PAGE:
How to make a "game" in 3.5 hours

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Kitty Hello


Here's the story about how I created this game:
in about 3.5 hours, totally. Don't be fooled that this is regular time when you start programming. I'm a quite skilled coder for over 20 years now and coding is my day time job.

The whole thing started when I was asked by my wife to train the kid in math (basic times table 1x1 to 10x10). It was late, kid was in bed, so I decided to make an App for her to play when she awakes.

So, starting at Friday, 10pm, my first thought was, that it would have to be a game that's somehow nice to play, with slightly cute visuals and a 2 player mode, because I think it's really important that we share time with our kids, rather than with programming for the kids.

I always wanted to make some sort of "RISK" game with multiplications instead of the dice. But that's rather hard to do in a short time and I don't have the right theme for that game to tie a girl to it, yet. In fact, writing games for girls is a very complex part. They usually don't like competitions, but variety, decorations and style. In the final game, e.g., I put an option to change the colour of the main game's frame for each player. When my girl can choose pink or purple, the game attracts her and thus she's also willing to have a play.

So, step 1 was a quick browsing the internet about multiplication games. There was some penguin game I found rather interesting which I think could easily be done in a few hours.
The game is about getting a question asked as "5x4", and you have to tap the right answer to proceed.

But a direct copy? No - too boring. Also, penguin animations look boring. I needed a player that can be easier animated but look kinda cute. If the first impression rejects a kid, you have a hard time convincing them of the better. All that led me to the frog/pond theme.

Kicking CorelDraw (I really love Corel - get some time to learn it, it's worth millions. Or use Inkscape if you want something free) I started a frog:
[see attachment 1]

1. 3 ellipses for mouth and eyes
2. 2 more ellipses for an eye. Duplicated the eye (Ctrl+D) and moved it to the right -> 2 eyes
3. Sketched the legs -> just 3 ellipses. For the foot 2 ellipses.
4. selected both foot parts and used the "rear without front" clipping tool -> a foot. Duplicated and mirrored the leg -> a frog.
5. Selected the belly and used "filling - gradient". Made a radial (sphere like) light to dark gradient. Then selected belly, right click+drag to head, selecting "copy filling here" -> filled head. Selected all other limbs and played with solid colour until I was satisfied with the frog.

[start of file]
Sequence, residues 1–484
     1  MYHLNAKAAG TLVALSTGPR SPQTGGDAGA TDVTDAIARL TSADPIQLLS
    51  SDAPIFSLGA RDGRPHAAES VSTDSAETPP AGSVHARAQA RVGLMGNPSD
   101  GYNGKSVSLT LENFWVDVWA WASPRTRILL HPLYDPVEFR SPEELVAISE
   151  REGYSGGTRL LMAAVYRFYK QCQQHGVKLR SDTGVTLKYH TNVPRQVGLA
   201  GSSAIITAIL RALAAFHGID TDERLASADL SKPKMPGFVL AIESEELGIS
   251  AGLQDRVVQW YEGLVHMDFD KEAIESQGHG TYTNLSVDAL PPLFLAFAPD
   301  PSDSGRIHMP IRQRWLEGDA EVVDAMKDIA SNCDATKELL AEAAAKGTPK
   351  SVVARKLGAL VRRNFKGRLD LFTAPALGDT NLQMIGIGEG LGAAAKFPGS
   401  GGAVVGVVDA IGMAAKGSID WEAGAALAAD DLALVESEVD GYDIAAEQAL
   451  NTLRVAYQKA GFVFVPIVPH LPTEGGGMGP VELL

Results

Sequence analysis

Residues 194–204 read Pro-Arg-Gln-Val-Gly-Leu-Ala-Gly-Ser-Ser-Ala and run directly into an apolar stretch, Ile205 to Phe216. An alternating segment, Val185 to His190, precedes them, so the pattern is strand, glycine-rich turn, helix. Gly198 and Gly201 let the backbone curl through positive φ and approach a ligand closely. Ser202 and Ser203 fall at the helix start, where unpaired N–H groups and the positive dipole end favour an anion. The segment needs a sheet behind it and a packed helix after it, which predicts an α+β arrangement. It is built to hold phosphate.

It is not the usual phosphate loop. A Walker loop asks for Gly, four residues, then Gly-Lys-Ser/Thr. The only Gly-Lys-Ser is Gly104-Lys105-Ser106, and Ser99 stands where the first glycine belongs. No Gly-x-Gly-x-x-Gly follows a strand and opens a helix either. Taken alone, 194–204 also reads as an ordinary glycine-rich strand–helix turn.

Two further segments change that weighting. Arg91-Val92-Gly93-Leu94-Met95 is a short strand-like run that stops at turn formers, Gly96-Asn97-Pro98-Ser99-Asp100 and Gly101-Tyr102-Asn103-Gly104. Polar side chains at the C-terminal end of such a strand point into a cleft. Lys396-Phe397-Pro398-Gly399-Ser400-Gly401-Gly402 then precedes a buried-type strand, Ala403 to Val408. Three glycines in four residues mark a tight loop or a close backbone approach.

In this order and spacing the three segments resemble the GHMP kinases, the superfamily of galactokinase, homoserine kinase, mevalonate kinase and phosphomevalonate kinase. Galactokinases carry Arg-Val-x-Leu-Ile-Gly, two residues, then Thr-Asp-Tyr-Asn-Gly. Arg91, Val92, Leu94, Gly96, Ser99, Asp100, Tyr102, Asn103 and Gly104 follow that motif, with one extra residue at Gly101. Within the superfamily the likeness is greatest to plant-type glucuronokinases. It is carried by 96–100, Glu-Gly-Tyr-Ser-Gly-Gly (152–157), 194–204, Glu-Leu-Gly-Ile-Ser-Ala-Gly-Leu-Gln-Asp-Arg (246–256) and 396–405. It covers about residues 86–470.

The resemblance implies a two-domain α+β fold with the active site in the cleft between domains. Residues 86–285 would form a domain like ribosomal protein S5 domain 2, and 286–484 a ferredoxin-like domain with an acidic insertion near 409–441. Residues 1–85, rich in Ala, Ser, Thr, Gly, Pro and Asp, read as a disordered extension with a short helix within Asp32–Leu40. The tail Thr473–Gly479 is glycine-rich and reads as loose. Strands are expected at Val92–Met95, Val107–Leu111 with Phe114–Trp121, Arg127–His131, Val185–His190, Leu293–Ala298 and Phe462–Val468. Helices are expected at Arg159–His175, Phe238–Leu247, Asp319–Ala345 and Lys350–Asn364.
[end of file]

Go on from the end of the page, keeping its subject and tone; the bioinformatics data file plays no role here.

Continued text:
6. Selected the full leg. Clicked it again (toggles from "move" to "rotate" mode in Corel). Moved the pivot point to the upper limb, then rotated the whole leg. Did the same procedure for the shinbone and foot.
7. I wanted the frog as an animation for LOADANIM instead of multiple images. So, I drew a rectangle around my frog, turning the GRID OPTION on. Then duplicated the rectangle plus frog and placed it (with the grid) right aligned to that box. Pressing "Ctrl+D" (Duplicate) again, it will offset the duplicate to the right of the 2nd box and so on.
8. I now have a set of framed frogs. I quickly animated them. Later, I select the frames and disable the border and filling (making them transparent, but do export them so I have a proper tile set for LOADANIM :)

When making graphics for a quick game, make something that looks nice or you will lose interest. But don't go too much into detail or you will never see light at the end of the tunnel.

The lily was even easier. A circle, overlaid with a triangle. Deformed the triangle to look more "alive", then subtract it from the circle. Draw a light green ray (using duplicate, rotated the clone and duplicate to get more rotated parts). Now all light green striped had a black outline. So I duplicate the circle and intersect it with the rays. Grouping them with the circle and removing the border for that group gave me a lily with no border at all. Then I used the duplicated circle as an overlay with transparent filling and black border.

I'm not much of a graphics guy, so I did not bother to animate the lily. I'll talk about animations, later.

Afterwards I copied all together on a blue/lightblue scene to get an icon and a title screen.

Next I needed the title font. I chose Indiana Jones one, because it was late and it should be some sort of "Adventure" game. Googled for a font that suits my needs and also that gradient colours. Easy.

11:30pm - oh my, it's late. Now hurry with the code.

I made a TYPE with the lines to print and calculate:
Code (glbasic) Select

TYPE Tline
fac1% // factor 1
fac2% // factor 2

icorrect% // what result is the correct one? (Note to self: only one solution must be right!)
results%[4] // results to print

string$ // question (equation) string

And a type for the frog data
Code (glbasic) Select

TYPE Tfrog
iline% = -1 // what line am I on?
ipad%  = 2 // what pad (x-direction) am I on?